Rebecca M. Miller is an assistant editor and illustrator at the National Interest. She tweets at @RebecMil.

Image: Flickr/ Phobia Films


The Damage to U.S. Interests Abroad of Domestic Political Intemperance

Paul Pillar

Tom Cotton's sophomoric stunt of an open letter to the Iranians telling them not to have confidence in whatever the United States puts on the negotiating table has received the broad and swift condemnation it deserves. Some of the strong criticism has come from editorial pages and other sources of commentary that generally are not very friendly toward the Obama administration in general or even to its policies on Iran in particular. A bright side to this incident that embarrasses and disgraces half of the United States Senate comes in the clarity it provides in terms of what games are being played and what is at stake. Even before this latest antic, Cotton deserved credit for being more honest about his objective than most of his colleagues who are engaged in the same destructive efforts to undermine diplomacy on Iran. Cotton has stated openly and explicitly that his goal is to kill off any agreement at all with Iran. Unlike many others, he has not tried to fool us with the subterfuge that legislative sabotage is aimed at getting a chimerical “better deal” with Iran. Now with the letter, the unwritten alliance between American hardliners and Iranian hardliners in opposing any agreement is made more open than ever.

What is going on here is not just the work of Tom Cotton. The outrageous letter to the Iranians flows naturally from a broader ongoing process. The fact that the great majority of Republican senators signed the letter is the most obvious indication of that. There no doubt is today much regret in the senatorial offices involved, but the fact is that 47 of them signed it. There are a couple of possible interpretations of what took place among the members, neither of which makes those members look good. One is that they are so distracted or careless that they can let a 37-year-old who has been in the Senate only two months rope them into doing something this stupid. The other, which is the more plausible interpretation, is that Cotton's letter was only the latest vehicle for a journey that the whole party has already been taking for some time.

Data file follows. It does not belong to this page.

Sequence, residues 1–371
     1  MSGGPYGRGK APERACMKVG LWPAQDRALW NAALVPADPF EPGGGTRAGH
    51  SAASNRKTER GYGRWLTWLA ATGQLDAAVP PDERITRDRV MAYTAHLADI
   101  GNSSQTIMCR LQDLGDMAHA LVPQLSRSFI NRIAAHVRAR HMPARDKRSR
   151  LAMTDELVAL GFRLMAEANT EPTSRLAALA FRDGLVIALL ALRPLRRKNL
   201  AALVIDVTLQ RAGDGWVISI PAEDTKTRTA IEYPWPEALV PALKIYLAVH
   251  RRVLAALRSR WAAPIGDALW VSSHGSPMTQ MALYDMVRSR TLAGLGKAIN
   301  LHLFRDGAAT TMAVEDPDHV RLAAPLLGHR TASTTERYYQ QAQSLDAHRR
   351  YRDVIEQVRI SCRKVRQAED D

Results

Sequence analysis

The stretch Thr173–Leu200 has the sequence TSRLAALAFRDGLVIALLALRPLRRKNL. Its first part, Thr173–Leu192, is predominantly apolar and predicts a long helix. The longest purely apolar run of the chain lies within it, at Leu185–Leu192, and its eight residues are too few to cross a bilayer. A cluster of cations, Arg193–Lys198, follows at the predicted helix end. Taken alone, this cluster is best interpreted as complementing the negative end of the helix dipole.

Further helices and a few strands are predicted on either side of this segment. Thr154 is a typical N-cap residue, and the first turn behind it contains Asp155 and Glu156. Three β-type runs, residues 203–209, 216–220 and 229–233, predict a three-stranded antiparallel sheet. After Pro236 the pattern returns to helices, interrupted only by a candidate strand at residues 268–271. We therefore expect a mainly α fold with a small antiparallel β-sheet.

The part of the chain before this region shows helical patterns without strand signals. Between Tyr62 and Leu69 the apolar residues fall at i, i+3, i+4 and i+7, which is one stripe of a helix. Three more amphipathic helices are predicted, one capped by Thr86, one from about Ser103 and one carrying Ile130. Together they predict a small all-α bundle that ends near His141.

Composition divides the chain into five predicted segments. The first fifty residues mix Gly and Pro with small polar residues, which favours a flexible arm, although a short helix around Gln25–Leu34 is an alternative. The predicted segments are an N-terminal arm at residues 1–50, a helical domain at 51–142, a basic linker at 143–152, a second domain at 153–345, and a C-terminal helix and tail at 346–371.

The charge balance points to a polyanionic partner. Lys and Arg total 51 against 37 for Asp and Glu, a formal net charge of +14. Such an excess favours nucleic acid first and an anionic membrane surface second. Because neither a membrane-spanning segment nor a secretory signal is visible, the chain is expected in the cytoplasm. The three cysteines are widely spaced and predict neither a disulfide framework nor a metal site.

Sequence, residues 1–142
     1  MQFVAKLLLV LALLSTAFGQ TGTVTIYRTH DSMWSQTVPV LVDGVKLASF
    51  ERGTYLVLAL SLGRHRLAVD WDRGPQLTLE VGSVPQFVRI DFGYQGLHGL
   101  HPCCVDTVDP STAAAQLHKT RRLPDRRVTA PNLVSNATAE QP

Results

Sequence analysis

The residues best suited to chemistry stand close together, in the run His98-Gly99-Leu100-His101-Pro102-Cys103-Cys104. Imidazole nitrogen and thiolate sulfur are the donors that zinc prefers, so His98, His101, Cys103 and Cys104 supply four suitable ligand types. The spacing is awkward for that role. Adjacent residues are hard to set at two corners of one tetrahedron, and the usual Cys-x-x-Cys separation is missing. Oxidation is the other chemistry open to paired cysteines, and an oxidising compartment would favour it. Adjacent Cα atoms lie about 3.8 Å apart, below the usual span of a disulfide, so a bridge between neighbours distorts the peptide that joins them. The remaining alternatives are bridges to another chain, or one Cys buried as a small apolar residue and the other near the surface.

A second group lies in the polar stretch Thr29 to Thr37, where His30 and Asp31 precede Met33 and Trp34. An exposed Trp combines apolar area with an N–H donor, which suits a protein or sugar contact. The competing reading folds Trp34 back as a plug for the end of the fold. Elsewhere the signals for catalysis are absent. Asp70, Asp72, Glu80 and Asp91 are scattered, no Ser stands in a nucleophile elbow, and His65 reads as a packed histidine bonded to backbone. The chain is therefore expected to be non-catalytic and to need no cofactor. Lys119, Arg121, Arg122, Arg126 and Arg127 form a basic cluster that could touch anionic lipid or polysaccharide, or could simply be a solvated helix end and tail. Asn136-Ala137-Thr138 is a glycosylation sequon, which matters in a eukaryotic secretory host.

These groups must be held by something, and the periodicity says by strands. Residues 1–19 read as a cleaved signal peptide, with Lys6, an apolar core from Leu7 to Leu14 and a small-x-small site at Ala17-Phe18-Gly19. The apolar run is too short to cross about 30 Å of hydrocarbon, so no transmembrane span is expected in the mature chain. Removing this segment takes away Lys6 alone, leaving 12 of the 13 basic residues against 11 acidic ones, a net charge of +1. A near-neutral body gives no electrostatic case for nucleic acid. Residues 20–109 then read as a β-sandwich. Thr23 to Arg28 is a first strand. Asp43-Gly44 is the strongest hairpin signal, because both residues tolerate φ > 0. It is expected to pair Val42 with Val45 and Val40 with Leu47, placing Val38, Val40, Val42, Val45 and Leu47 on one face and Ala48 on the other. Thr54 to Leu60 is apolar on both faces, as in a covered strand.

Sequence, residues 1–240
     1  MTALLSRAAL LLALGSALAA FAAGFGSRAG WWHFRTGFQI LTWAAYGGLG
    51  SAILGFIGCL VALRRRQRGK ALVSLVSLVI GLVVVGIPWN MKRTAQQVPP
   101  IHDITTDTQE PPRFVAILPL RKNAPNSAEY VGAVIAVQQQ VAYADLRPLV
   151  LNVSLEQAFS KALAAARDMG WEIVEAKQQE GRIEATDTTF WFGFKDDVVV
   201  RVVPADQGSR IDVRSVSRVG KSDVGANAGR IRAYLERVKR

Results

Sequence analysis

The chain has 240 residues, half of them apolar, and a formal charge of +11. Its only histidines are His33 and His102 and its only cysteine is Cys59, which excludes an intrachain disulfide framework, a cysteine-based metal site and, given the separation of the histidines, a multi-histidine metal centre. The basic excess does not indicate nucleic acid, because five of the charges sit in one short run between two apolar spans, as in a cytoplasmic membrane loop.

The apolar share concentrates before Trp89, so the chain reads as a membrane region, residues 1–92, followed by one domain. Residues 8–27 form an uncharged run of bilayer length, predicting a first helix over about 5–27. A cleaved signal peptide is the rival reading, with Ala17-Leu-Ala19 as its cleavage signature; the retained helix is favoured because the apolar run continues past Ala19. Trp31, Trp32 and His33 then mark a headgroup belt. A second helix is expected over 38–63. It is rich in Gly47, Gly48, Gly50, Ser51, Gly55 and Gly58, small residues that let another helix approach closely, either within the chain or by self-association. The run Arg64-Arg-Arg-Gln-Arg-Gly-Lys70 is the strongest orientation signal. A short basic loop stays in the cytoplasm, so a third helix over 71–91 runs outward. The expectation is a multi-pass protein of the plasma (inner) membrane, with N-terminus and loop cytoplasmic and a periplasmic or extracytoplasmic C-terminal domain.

The letter was a natural next step after bringing Benjamin Netanyahu to the Capitol for the express purpose of denouncing and opposing U.S. policy toward Iran. In each case it was a matter of Congressional Republicans enlisting foreigners to try to sabotage a major element of current U.S. foreign policy. Because Israel is considered an “ally,” Netanyahu got to use the podium in the House chamber whereas Iranian hardliners do not get that privilege. But the fundamental nature and purpose of what was taking place was the same.

The impact of all of this on the immediate prospects for completing a nuclear deal between the P5+1 and Iran is certainly important and has been the subject of much of the immediate commentary about the letter. There is a basis for optimism that this clownish overplaying of their hand by some of those who would like to sabotage the diplomacy will lessen the danger of such sabotage. The episode at least demonstrates why, if one wants U.S. policy toward Iran to be formulated and executed in a responsible and adult way, then for the time being the less Congressional involvement there is the better.

We ought to reflect also, however, on how the kind of irresponsible behavior we have just seen is part of a bigger pattern that goes well beyond policy toward Iran and has deleterious effects on U.S. interests abroad besides what happens to an Iranian nuclear deal. This behavior damages U.S. credibility. There is an irony here in that some of those who signed Cotton's letter have been among those who have bemoaned supposed diminishing of America's international credibility because of other matters, usually involving issues of whether the United States should persist in prosecuting overseas military operations where any direct U.S. interests being protected are questionable. U.S. credibility is not determined by military doggedness in such situations. It is partly determined by the United States living up to negotiated multilateral agreements that are clearly in its interests, as would be the case with a P5+1 agreement to restrict Iran's nuclear program. Probably the single most remarkable—and egregious—aspect of the Cotton letter is that it was blatantly and expressly designed to damage U.S. credibility. In the future, it will lack credibility for any signatory of this letter to complain about alleged damage to U.S. credibility regarding anything else.